| Universal consensus on perfection? || Nov 22, 2013 |
"My book, The Business of Editing: Effective and Efficient Ways to Think, Work, and Prosper, was recently published. Its making makes for an interesting tale about the quest for perfection.
Most books are subject to three limitations: one editor (chosen from a range of experience), limited editing budget, and short schedule. In contrast, The Business of Editing had three very experienced professional editors, essentially an unlimited editing budget, and no set time by which the editing had to be completed. In other words, from an editorial perspective, it was the dream project.
If I was to present this scenario to forums that were made up of noneditors — and even forums made up of some/certain editors — the comments would be the same: the book should be “error-free,” with various meanings attached to “error.” After all, there are multiple sets of eyes looking at each word, sentence, and paragraph, looking multiple times, and no schedule pressure; consequently, “perfection” — which I assume is synonymous with error-free — should be achieved.
Alas, even with three professional editors, no schedule pressure, and no budget worries, perfection is nearly impossible to achieve.
There are many reasons why perfection is not achievable even under such “perfect” circumstances, yet I think the number one reason is that one editor’s error is not another editor’s error.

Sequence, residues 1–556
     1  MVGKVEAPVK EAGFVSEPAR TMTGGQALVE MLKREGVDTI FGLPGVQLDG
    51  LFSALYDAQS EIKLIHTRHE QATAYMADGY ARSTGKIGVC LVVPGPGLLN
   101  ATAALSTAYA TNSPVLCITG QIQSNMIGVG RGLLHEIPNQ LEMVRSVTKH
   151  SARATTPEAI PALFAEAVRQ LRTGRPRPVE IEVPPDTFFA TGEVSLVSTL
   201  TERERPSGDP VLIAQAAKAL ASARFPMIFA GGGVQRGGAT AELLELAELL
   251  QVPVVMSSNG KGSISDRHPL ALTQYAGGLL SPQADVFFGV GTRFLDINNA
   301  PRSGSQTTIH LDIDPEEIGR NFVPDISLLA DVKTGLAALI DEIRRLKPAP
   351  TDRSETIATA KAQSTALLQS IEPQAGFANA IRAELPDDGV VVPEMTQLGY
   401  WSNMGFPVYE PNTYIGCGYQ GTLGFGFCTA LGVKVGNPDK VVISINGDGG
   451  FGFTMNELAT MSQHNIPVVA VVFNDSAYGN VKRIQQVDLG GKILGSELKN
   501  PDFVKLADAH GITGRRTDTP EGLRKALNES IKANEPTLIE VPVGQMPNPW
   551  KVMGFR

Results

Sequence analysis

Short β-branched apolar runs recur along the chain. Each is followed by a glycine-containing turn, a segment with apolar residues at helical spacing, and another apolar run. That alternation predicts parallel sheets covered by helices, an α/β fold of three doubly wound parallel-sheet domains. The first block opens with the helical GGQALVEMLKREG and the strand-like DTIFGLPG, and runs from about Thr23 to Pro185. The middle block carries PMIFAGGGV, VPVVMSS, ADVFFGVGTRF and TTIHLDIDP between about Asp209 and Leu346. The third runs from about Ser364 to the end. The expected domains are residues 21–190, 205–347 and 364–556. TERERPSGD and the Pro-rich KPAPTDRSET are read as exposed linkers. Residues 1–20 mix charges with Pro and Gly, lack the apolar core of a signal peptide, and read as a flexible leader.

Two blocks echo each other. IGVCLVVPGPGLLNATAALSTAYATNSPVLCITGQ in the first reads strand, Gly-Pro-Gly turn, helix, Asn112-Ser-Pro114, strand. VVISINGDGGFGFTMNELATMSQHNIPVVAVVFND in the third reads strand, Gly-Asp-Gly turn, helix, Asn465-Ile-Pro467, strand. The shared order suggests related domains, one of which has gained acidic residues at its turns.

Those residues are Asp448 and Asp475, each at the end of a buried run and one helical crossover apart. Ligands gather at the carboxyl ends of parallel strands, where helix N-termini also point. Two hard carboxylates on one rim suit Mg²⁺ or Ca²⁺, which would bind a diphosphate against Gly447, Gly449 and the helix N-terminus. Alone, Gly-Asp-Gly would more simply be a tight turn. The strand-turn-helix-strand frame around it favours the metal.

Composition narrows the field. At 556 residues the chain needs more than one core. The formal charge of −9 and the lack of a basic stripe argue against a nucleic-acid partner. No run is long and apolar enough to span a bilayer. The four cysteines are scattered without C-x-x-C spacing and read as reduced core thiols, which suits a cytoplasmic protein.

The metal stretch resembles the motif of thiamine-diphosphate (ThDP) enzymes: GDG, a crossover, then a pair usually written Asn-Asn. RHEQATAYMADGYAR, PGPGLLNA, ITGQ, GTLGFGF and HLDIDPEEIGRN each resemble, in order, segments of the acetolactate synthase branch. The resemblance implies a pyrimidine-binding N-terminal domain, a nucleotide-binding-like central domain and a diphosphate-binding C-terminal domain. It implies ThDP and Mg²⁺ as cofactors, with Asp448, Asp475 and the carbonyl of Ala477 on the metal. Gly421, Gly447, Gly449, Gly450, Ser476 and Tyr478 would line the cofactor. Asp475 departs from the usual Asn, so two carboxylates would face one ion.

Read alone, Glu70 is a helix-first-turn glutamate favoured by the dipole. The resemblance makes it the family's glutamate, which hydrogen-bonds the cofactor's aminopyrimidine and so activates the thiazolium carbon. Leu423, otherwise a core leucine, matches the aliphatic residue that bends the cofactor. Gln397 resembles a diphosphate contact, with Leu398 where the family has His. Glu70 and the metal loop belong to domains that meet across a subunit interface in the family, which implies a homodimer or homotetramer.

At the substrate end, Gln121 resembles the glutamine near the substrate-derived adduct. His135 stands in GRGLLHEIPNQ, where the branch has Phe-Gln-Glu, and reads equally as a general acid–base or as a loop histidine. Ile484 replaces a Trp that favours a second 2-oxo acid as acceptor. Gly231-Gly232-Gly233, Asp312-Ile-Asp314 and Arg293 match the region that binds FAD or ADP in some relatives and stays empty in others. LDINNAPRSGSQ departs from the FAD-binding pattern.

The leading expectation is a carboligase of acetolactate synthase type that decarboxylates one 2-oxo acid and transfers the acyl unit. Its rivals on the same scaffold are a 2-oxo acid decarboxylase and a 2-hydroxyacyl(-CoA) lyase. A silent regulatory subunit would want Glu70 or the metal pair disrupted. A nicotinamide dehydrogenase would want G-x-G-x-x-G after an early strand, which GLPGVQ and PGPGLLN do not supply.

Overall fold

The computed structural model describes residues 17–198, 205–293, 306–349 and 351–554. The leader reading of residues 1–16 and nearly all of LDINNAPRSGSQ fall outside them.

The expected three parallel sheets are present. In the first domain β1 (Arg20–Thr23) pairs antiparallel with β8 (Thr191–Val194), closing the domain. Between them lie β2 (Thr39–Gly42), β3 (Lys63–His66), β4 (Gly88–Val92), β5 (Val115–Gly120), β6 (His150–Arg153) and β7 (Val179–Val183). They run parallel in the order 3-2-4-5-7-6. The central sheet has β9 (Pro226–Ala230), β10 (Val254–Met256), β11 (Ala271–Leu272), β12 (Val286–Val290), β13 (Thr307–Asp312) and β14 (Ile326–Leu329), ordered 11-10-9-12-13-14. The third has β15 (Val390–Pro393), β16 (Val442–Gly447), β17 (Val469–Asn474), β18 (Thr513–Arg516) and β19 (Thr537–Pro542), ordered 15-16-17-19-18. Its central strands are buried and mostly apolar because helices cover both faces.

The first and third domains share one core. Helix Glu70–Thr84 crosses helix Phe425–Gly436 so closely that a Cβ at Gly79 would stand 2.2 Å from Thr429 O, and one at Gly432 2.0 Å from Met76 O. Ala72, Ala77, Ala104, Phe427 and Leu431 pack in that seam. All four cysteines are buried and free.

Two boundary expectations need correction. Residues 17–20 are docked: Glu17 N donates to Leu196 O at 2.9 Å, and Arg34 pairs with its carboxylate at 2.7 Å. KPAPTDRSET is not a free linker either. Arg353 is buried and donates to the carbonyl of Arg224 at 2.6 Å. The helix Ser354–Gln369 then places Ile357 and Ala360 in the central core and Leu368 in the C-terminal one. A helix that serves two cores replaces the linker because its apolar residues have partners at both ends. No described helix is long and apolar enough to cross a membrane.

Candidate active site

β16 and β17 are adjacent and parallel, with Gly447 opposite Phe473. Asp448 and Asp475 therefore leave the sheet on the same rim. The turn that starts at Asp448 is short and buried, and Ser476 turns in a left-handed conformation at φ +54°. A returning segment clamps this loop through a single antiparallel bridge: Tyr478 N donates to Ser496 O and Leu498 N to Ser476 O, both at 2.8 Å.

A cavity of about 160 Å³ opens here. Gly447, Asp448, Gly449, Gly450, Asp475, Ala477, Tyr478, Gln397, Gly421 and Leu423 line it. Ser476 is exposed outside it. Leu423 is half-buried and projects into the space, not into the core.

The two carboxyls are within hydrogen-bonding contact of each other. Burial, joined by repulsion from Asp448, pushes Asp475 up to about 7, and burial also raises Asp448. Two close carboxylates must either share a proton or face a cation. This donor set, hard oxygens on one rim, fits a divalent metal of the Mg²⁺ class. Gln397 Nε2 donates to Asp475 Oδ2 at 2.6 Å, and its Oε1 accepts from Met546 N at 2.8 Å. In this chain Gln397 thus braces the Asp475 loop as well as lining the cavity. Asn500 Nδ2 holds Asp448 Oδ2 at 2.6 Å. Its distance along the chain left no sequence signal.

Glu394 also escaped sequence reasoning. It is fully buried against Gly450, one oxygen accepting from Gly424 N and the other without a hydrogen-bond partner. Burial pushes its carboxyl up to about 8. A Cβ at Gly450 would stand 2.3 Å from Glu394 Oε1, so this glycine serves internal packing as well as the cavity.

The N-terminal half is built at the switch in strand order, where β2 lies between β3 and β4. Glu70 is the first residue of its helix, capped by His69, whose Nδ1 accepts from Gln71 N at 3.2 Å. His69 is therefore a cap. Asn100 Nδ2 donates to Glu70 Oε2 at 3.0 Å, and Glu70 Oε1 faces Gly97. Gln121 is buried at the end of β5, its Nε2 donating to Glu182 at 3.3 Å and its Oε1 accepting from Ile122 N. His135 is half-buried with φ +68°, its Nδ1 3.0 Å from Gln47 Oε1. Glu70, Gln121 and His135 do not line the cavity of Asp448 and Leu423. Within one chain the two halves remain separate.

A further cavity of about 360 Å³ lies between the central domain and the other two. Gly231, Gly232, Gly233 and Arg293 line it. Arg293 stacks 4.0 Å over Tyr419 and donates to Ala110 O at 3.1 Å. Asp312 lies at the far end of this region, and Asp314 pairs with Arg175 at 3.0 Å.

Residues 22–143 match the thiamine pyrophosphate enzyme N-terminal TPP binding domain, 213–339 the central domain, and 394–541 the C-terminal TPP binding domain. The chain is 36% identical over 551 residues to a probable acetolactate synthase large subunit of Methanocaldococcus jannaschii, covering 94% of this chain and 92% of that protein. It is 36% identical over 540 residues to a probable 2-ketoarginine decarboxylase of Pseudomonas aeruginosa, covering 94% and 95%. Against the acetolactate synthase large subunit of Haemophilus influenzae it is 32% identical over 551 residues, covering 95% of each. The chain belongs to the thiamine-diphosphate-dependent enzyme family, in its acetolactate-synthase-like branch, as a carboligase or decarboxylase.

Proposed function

[...] there were numerous exchanges concerning language and punctuation, which are the meat of editing. Spelling is important, but a professional editor isn’t focused on spelling. True spelling cannot be ignored; whether reign is correctly spelled is important. But spelling as spelling is not the key; the key is knowing which is the right word — is it rain, rein, or reign — which is why a professional editor does not rely on spellcheckers; they know that doing so often leads to embarrassment. If the correct word is reign but the word used is rain, rain is correctly spelled — it is just the wrong word.
The “real” editorial issues are word choice, coherence, grammar/punctuation [...] I don’t recall an issue of spelling arising, although it may have; what I do recall was the discussion over punctuation and wording. It is this discussion that demonstrated to me that there can be no perfection in editing.
We were three editors with at least two, and sometimes three, different opinions. [...] It is not that one opinion was clearly wrong and another clearly right; it was, almost always, that each opinion had merit and was correct. On occasion, one opinion was more correct, but on no occasion was an opinion incorrect in the sense that there would be universal agreement among professional editors that implementing the opinion would be tantamount to creating error.
Sometimes consensus could be reached; at other times, each of us stood firm. Yet in no instance was one of us “wrong.” Which brings us back to the matter of perfection."
| || || |